Appearances can be deceptive. That’s certainly the case with a regular looking building in Stuttgart. Sight of the solar photovoltaic-thermal panel roof is perhaps one of the biggest clues. For this small house represents the very peak of energy efficiency. It’s called the B10 house and is in central Stuttgart.
It has a highly tuned system for heating and electricity consumption it produces more energy than it needs. No kind of fuel is burned here.
The house is designed to generate 200 percent energy, a target it hopes to hit within the next year.
“For me the most important thing about the project is the interactivity and the intelligence of the software we are using here. It’s not so much the hardware, the materials, the construction even though that is important. But it really is the fact that the house starts to think for us and helps us distribute the energy within this area here,” explained Frank Heinlein of the Stuttgart Institute of Sustainability.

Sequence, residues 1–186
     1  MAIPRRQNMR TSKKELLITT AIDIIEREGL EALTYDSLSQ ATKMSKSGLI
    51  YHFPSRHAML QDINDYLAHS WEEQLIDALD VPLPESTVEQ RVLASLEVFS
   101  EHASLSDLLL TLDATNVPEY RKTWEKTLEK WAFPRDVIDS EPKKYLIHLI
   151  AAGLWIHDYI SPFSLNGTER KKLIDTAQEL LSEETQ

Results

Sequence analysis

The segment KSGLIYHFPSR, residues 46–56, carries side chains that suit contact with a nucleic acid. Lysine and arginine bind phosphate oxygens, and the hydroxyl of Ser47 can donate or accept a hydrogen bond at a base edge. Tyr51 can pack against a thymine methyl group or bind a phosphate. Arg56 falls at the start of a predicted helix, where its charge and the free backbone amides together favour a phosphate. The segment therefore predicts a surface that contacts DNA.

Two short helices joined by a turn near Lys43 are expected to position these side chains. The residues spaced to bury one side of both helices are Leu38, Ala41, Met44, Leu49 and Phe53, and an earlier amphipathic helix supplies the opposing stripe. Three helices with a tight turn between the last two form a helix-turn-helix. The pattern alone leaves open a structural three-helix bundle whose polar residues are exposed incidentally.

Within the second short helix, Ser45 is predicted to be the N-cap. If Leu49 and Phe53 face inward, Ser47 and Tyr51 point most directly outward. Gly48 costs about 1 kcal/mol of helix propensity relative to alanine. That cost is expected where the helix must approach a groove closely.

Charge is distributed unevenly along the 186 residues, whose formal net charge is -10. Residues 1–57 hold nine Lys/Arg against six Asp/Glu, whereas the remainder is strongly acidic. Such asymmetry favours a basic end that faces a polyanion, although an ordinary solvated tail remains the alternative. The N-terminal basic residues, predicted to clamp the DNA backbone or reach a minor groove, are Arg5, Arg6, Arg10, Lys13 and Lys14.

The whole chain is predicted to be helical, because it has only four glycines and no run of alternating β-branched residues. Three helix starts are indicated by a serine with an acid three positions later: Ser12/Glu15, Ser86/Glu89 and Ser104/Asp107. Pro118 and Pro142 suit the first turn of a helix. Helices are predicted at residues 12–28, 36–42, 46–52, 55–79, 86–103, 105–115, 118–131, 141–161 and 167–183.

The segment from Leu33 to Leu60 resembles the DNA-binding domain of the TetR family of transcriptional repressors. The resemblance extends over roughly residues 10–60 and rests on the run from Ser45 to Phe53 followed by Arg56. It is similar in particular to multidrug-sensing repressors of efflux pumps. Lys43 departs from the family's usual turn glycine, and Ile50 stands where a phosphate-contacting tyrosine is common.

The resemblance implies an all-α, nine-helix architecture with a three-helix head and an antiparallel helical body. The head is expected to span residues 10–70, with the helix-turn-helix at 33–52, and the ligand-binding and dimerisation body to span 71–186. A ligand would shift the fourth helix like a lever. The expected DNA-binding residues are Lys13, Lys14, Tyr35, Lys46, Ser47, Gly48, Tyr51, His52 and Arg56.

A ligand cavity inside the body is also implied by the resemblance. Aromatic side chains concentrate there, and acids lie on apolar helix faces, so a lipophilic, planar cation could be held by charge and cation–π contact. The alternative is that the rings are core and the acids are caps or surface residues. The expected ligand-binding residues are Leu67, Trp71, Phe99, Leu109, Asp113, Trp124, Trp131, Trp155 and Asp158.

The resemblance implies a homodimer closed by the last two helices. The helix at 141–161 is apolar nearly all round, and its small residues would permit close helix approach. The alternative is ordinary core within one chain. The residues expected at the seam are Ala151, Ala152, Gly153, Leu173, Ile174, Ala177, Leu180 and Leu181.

Orchestrating everything to work together in the house is a specially designed app. The early results have been encouraging with the house for example producing enough surplus electricity to power an electric car, heat a nearby museum and still feed some electricity into the public grid.
Energy efficiency like this could be the future for the construction sector.
“The building sector is responsible for more than 30 percent of global energy demand and round about 20 percent of global greenhouse gas emissions. In order for us to be able to achieve savings from buildings and also to contribute to reducing global warming, we have to ensure that the building sector can move in the direction of bests practices,” pointed out Peter Graham, Executive Director of the Global Buildings Performance Network
The design of B10 is based on the concept of “triple zero” that is zero energy, zero emissions and zero waste. The house is currently being used as a test bed for a range of connected home and sustainability technologies.
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